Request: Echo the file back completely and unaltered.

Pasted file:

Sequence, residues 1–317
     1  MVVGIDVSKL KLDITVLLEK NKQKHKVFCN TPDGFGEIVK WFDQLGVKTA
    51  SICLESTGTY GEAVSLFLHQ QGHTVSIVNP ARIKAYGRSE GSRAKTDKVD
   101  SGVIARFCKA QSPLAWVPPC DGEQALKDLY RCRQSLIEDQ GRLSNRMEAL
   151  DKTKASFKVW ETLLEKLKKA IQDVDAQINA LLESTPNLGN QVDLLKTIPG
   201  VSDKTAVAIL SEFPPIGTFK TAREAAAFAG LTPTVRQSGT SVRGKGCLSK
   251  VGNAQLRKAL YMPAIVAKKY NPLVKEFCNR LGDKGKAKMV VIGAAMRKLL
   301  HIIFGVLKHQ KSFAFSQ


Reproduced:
Sequence, residues 1–317
     1  MVVGIDVSKL KLDITVLLEK NKQKHKVFCN TPDGFGEIVK WFDQLGVKTA
    51  SICLESTGTY GEAVSLFLHQ QGHTVSIVNP ARIKAYGRSE GSRAKTDKVD
   101  SGVIARFCKA QSPLAWVPPC DGEQALKDLY RCRQSLIEDQ GRLSNRMEAL
   151  DKTKASFKVW ETLLEKLKKA IQDVDAQINA LLESTPNLGN QVDLLKTIPG
   201  VSDKTAVAIL SEFPPIGTFK TAREAAAFAG LTPTVRQSGT SVRGKGCLSK
   251  VGNAQLRKAL YMPAIVAKKY NPLVKEFCNR LGDKGKAKMV VIGAAMRKLL
   301  HIIFGVLKHQ KSFAFSQ